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Sunday, May 08, 2011

Eva Elizabeth Bloom Gillock - March 15, 1921 - July 24, 1993

It is Mother's Day. I am fortunate - I get to spend time with my wife and partner, Connie, who is one of the most dedicated mothers on the planet. I also get to see my daughter, who is in her third year of motherhood and has become a paragon of maternal virtue. But I wanted to write about my own mother today.

I scanned this old photograph of Eva Bloom Gillock I keep on the desk in my home office. She must be in her 20's in this shot, and she looks gorgeous. My mom died in 1993 (before the advent of digital photography) and I don't have that many pictures of her - she was a bit camera-shy, especially in her later years. She also missed email, the Internet, YouTube, Facebook. blogging and Twitter. I can imagine her being delighted with instant communications and revolted by the loss of privacy caused by the 'net.

On the day my mother was born, a loaf of bread cost 10 cents. "Ain't We Got Fun" was one of the more popular songs of the year. Charlie Chaplain's "The Kid" was one of the top movies. The first live radio broadcast of a baseball game occurred in 1921 (the Pittsburgh Corsairs, aka Pirates, vs. the Philadelphia Phillies). Her childhood was so radically different from the experience of today's children - it is mindboggling, really.

My mom was born in a small town in western Pennsylvania called Curwensville, the third of four children and the only daughter in the brood. Her parents, Claude and Christine Bloom, had deep roots in the little town. Her family patriarch, William Bloom. was one of the first settlers around 1800 - before Curwensville was established. At least seven of my mother's ancestors fought on the Union side during the Civil War. Claude Bloom was a pillar of the community; he ran the general store during the Great Depression and allowed hard-pressed neighbors to buy food on credit, often followed by debt forgiveness. He later served as Justice of the Peace.

Eva Bloom Gillock was feisty. As a teenager, she hung out with the "rough crowd" and started smoking cigarettes at the age of 14. She went to college in the late 1930's/early 1940's - Grove City College, a small Christian school not far from Curwensville. Not many young women went to college at that time. She moved to Cleveland and worked as a foreman in a factory, filling in for the men that went off to fight in World War II. She told her father that she wanted to enlist in the U.S. Army. He laughed and told her that she was crazy. So, of course, she enlisted, serving in the Women's Army Corps in New Guinea and the Phillippines during the war. She met my father, Albert Gillock, at a USO dance. She was an active member of the Greatest Generation.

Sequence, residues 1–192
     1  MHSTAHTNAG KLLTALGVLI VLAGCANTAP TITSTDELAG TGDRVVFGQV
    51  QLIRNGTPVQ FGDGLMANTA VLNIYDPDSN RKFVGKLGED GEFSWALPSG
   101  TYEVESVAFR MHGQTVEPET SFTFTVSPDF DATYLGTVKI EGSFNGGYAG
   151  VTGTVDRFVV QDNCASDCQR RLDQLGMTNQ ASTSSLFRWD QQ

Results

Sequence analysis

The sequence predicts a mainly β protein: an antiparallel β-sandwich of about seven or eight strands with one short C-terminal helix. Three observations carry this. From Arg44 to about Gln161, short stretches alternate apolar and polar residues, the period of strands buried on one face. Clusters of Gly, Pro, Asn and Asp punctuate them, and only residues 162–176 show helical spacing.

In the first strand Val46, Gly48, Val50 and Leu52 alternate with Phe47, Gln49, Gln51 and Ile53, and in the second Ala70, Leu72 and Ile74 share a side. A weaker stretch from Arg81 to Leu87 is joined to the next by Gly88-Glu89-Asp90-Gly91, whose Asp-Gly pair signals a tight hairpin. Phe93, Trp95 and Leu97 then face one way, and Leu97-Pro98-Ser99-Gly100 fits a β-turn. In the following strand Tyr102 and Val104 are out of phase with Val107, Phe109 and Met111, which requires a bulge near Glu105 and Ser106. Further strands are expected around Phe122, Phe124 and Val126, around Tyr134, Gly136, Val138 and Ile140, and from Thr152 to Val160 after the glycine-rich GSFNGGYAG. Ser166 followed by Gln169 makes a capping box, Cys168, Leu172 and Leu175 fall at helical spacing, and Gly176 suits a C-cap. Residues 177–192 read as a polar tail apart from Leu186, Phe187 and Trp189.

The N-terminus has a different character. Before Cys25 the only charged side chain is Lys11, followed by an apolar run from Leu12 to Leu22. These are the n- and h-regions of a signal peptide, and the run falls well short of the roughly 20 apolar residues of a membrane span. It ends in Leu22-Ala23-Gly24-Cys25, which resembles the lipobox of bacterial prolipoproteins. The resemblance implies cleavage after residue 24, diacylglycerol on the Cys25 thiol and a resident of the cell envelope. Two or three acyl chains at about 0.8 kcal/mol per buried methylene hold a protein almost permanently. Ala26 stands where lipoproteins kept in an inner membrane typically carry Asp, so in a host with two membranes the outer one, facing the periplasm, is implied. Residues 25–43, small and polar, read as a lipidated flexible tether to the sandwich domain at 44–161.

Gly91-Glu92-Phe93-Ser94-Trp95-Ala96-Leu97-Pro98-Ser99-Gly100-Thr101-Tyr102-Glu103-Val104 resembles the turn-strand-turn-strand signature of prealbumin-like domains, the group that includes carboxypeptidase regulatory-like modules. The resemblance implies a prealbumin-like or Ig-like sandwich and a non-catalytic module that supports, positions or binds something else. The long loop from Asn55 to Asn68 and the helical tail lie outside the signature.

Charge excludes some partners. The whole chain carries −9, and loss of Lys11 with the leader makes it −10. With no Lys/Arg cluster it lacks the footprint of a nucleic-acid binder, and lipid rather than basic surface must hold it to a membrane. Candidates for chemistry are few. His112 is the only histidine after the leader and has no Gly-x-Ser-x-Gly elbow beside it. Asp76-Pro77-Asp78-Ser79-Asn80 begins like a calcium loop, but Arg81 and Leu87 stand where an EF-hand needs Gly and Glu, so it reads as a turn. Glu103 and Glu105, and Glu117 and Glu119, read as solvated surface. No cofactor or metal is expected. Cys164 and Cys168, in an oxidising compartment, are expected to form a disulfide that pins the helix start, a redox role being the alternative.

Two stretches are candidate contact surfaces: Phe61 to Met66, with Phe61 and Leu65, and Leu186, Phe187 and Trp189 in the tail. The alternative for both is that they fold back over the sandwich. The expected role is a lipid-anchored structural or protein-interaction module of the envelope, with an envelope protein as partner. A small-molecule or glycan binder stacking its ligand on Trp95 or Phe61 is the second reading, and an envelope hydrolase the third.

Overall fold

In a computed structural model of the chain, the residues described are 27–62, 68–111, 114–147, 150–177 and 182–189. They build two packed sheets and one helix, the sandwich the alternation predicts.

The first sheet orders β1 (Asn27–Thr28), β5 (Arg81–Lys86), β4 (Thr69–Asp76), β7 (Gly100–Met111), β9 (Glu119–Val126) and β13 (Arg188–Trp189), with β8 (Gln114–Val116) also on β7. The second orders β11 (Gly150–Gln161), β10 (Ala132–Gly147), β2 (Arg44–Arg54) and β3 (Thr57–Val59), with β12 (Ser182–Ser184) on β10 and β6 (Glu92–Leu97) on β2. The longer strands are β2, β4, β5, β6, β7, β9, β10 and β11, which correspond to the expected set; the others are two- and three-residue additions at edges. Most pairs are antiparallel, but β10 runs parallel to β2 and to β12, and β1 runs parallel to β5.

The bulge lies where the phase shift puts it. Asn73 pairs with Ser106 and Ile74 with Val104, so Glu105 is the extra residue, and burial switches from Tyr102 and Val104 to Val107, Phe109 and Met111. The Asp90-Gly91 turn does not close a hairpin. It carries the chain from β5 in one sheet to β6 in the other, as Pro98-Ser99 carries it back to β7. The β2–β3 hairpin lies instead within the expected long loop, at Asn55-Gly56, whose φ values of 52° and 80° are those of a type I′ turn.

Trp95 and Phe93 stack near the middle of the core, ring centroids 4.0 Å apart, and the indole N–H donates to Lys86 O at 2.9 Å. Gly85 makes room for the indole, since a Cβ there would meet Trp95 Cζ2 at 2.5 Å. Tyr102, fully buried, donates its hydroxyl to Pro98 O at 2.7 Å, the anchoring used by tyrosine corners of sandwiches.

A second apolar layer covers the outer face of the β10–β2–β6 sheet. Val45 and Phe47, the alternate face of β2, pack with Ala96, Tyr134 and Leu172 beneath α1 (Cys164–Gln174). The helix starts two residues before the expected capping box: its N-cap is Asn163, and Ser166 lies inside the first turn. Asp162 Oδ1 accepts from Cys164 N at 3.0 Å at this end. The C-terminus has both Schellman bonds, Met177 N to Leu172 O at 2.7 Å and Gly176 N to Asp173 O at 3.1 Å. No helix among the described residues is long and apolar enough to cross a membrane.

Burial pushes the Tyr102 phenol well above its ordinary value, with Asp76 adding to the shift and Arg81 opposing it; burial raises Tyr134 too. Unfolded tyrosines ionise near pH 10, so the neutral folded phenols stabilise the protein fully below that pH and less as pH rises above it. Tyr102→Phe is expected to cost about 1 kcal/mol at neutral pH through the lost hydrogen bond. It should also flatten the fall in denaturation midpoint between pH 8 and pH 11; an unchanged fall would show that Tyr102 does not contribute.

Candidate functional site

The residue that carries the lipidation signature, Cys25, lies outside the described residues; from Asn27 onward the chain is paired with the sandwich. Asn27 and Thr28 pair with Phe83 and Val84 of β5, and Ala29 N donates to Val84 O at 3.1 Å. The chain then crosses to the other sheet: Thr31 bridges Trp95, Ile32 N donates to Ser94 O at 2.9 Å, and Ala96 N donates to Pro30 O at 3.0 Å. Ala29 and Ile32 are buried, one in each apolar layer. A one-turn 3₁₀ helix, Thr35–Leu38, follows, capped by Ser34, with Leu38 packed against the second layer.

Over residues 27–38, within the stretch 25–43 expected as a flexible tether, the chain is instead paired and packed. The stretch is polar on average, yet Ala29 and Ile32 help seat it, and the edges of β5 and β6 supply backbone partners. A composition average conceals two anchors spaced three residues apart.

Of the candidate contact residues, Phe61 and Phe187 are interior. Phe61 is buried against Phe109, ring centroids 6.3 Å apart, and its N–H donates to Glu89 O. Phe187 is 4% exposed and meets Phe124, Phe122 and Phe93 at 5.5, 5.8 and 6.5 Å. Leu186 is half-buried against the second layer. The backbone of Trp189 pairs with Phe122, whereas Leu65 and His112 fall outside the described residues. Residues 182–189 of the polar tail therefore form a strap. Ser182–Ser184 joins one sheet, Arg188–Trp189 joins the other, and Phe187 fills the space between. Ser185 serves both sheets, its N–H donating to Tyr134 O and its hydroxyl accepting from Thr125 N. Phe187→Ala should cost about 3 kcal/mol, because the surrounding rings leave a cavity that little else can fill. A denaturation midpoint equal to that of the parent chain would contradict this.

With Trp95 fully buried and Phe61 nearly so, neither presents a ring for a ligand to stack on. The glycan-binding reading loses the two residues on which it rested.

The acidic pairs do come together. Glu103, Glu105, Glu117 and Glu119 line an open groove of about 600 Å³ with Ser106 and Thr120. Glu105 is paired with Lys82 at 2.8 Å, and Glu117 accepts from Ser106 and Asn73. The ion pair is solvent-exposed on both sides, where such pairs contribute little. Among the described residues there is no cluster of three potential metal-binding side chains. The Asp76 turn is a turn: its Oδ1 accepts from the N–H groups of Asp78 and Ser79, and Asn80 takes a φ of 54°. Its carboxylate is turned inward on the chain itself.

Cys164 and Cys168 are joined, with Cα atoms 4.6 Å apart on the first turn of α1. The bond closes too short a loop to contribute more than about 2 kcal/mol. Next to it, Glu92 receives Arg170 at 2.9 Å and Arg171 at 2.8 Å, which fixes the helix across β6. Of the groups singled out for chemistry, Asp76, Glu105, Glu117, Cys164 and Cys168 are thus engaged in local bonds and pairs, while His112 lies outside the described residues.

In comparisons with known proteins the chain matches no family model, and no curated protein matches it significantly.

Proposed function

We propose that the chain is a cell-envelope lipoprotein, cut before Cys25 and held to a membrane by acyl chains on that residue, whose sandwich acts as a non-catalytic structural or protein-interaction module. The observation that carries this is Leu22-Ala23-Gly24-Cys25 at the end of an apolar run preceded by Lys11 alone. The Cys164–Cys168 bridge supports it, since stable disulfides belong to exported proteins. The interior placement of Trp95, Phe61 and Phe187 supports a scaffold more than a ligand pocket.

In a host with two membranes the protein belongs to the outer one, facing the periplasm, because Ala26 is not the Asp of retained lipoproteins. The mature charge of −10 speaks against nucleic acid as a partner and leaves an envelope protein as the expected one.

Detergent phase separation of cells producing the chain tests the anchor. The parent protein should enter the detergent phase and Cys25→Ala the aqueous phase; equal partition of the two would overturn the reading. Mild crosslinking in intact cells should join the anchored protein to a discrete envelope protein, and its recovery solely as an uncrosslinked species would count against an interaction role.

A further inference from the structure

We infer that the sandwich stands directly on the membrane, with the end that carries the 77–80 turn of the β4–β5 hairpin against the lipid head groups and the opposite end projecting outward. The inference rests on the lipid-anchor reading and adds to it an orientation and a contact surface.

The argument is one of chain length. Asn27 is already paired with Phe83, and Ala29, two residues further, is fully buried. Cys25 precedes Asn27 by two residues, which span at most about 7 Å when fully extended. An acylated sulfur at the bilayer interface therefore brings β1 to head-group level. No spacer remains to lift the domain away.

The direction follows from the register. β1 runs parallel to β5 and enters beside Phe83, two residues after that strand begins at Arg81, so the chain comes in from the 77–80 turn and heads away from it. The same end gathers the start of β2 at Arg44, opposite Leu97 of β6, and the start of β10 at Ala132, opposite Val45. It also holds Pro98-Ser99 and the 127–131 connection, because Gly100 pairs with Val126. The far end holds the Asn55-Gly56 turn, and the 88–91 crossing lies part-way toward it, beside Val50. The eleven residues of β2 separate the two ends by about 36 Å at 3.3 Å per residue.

There are lots of other interesting details to her path through life, but I don't want to blather on too much. I need to say this - she was a tower of strength. My father, may he rest in peace, was not a tremendous financial success. Once I was born, the money became quite tight, so my mom went to work in one of the few professions that welcomed women in the early 1960's - teaching. Her paycheck allowed our family to live a modest and comfortable middle-class life in a working-class Northern California suburb. She had a significant impact on the lives of quite a few Baby Boomers who passed through her classroom at Garfield School in San Leandro.

Here are some "Eva-isms:" "If you can look me in the eye and tell me you did your very best, I will be happy with you." "There is no sense in crying about it - do something!" "Nobody likes a smart-aleck." "I quit smoking because I got sick of all the nagging." "We all have to die sometime."

Eva Bloom Gillock was faithful; she took her promises seriously. "In sickness and in health" was one promise she fulfilled. As my father's health faded, my mother became his caretaker. She ignored her own needs during that time - deferred her own medical care to attend to her husband. After he passed, she went to the doctor with some complaints. She had cancer, probably brought on by her decades of cigarette smoking. The cancer took her - a damned shame, because her cardio-vascular system was in great shape and her energy level was high. She would have celebrated her 90th birthday last March. If not for the cancer, I suspect that she would have made it.

If I have any good qualities, my mother put them there. If I have any steel in my backbone, she forged it. She gave me lots of love, but she also gave me the gift of high expectations. My biggest fear was ending up a disappointment to Eva Bloom Gillock.

As I think about my own career as a parent, my successes and challenges, I measure myself against her. I lack her consistency and firmness. I let things slide a lot. Fortunately, my kids have dealt with my sloppy parenting with grace and I am very proud of all four of them. I can see some of those feisty Eva Bloom Gillock qualities in each one of them. They are lucky to have that legacy, and so am I.

Happy Mother's Day. If your mom is alive, kiss her. If your mom is gone, reflect upon her life.


David B. said...

Mrs. Gillock was the kind of teacher you never forget. I'm 57 years old and I can remember sitting in her classroom in elementary school. Happy Mother's Day Mrs. Gillock. Please say hi to my Mom for me. Dave

John said...

There is nothing that would give Mom more gratification than this tribute.

Barbara Miholancan said...

Mrs. Gillock was the best guide and role model I could have hoped for. i truly loved her, as a ten year old student at Garfield in 1973. Now 54, some of my fondest memories are of that gentle woman who always represented to me love, hope, and possibility.